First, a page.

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HSD Portal > News > Hazelwood West Middle School art, technology teachers escort students to Chicago as part of added class rigor
Hazelwood West Middle School art, technology teachers escort students to Chicago as part of added class rigor

Twenty-two ​Hazelwood West Middle School students journeyed to Chicago in early December as part of a
cross-curricular class to increase study rigor. Art teacher Elaine Eversgerd, second row right, and Gateway to
Technology teacher Chris Weil, back row left, accompanied the students as they visited multiple sites and 
museums around the city. 

For the second year in a row, two Hazelwood West Middle School educators took students to Chicago as part of a cross-curricular activity that adds rigor to the curriculum. Elaine Eversgerd, an art teacher, and Chris Weil, the Gateway to Technology (GTT) teacher and 22 Academic Excellence (AE) students visited The Windy City for a weekend in early December.
 
Just like last year, the students studied the elements and principles of renowned American architect Frank Lloyd Wright.  Last time, accompanied by a tour guide, the students and teachers saw Wright’s homes in Chicago from the outside.
 
“This time, we went in and actually toured his first home, the one that he built for his wife, and the Robie House in Hyde Park,” said Eversgerd.
 
“Going into his homes was really cool,” agreed Ashlee Fortschneider. “It was different, how he wanted to have rooms within rooms and stained glass windows. We’re working on stained glass and in Chicago; we got to see how to make it into something Frank Lloyd Wright would do.”
 
Examples of stained glass created in Wright’s style are on display in the school’s library and in the AE class. They will also travel to local art shows. Students created pencil drawings using lines, angles and geometric shapes arranged in his style, which Eversgerd critiqued for symmetry during a recent class.
 
Ethan Marciniak said, “I like how all these art designs are all through Chicago. Frank Lloyd Wright’s house had geometric shapes in the windows.”
 
On the first day of their visit, the group visited the top of the 1,451-foot Willis Tower (formerly known as the Sears Tower). The next day, they took a guided tour of the city, visited the Art Institute of Chicago and two Frank Lloyd Wright homes. On Sunday, they stopped at the Shedd Aquarium, the Field Museum of Natural History and the Navy Pier. Before returning to St. Louis, they visited the Museum of Science and Industry.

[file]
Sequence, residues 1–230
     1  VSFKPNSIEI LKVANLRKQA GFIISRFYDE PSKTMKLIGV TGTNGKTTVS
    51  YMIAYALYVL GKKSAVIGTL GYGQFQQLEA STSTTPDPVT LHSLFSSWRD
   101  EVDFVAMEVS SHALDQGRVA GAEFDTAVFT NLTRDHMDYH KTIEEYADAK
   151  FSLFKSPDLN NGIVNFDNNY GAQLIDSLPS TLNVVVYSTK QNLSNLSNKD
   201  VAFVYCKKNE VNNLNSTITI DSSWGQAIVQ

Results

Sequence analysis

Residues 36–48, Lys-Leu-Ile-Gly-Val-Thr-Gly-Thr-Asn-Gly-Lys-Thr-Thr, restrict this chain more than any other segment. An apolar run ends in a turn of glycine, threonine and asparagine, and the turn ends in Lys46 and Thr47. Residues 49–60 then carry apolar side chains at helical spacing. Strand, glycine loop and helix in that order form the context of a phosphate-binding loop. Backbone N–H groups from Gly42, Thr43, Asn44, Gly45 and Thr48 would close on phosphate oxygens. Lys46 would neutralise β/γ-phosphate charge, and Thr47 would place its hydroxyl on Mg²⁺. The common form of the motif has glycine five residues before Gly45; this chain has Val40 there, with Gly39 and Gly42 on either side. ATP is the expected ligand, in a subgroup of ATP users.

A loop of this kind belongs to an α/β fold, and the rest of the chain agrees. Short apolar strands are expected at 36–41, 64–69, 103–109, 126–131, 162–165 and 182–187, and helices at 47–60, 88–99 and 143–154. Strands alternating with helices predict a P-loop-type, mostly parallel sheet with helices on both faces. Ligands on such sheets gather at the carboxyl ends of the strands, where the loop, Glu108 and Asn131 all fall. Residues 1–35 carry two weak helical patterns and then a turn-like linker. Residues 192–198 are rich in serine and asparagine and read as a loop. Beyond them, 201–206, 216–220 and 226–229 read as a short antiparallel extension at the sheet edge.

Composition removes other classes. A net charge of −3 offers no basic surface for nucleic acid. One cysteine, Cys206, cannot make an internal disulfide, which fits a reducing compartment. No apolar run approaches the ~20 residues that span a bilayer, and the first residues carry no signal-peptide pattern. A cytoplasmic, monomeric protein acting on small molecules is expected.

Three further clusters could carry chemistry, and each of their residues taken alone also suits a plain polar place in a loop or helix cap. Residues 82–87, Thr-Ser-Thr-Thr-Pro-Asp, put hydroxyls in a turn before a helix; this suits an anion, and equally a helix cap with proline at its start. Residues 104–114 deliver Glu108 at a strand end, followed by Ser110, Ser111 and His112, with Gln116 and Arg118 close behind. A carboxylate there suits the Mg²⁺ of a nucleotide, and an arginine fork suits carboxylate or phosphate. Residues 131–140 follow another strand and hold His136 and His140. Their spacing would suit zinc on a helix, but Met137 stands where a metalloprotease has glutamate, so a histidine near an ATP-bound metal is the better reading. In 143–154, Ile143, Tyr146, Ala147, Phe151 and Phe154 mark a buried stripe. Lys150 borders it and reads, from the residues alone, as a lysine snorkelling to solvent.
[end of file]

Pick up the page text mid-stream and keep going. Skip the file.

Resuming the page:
“This year, we added a visit to the Rainforest Café, a medieval theatre performance, a stop at the Hard Rock Café, where we saw the Blue Man Group perform again,” said Eversgerd. “Their show combines art and technology more than any live performance I’ve ever seen. Their newest show dives into the newest technology, such as iPhones® and facts about ever-changing technology. They had a life-sized iPhone® on stage. They actually created paintings on canvas, using audience participation. The theatrics cross over into art and technology.”
 
“The students are able to make connections in every one of their classes now,” said Eversgerd. “Everything they did had relevance to all of their classes. Everything we did crosses someone’s curriculum.” Art and technology were the driving forces behind the places they visited. However, students also learned about art history, architecture and set design.
 
“We saw Chinatown,” said Breon McElvaine. “I didn’t know there was one in Chicago. We saw art on buildings. We got to see an indoor amusement park, the Navy Pier and the Sears Tower.”
 
“Throughout Chicago, we saw lots of artsy things,” said Madi Belyew. “We went to a lot of museums, including an art museum; we saw stained glass that looked like mirrors.”
 
Students also learned other lessons during the trip.
 
“They have to learn life lessons with regard to compromising, co-habitation, time management and collaboration,” said Weil. “When they signed up, they didn’t know who else was going.”
 
Eversgerd said one student who had to adapt to traveling with classmates she would not otherwise travel with is Amber Davis, who wore a purple shirt with “I [heart symbol] Chicago” printed on it in yellow. “I learned how to get along with people I don’t usually hang out with,” she said. “I liked the history museum because they had ‘Sue,’ the largest, most complete Tyrannosaurus Rex skeleton ever found.”
 
Preparation for the trip started in the spring, when the teachers met AE students and their parents at Six Flags over Mid-America in Eureka. There, they experienced first-hand the connection between physics and roller coasters – g-forces, turns, rises and falls.
 
“The Six Flags trip also helped us meet a school goal of parent involvement,” said Weil.
 
Art is everywhere. Someone created everything around you, from the clothes you wear to the car you drive and the buildings you stand in,” said Eversgerd.
 
Weil said additional trips will be planned based on the amount of student and parent interest.
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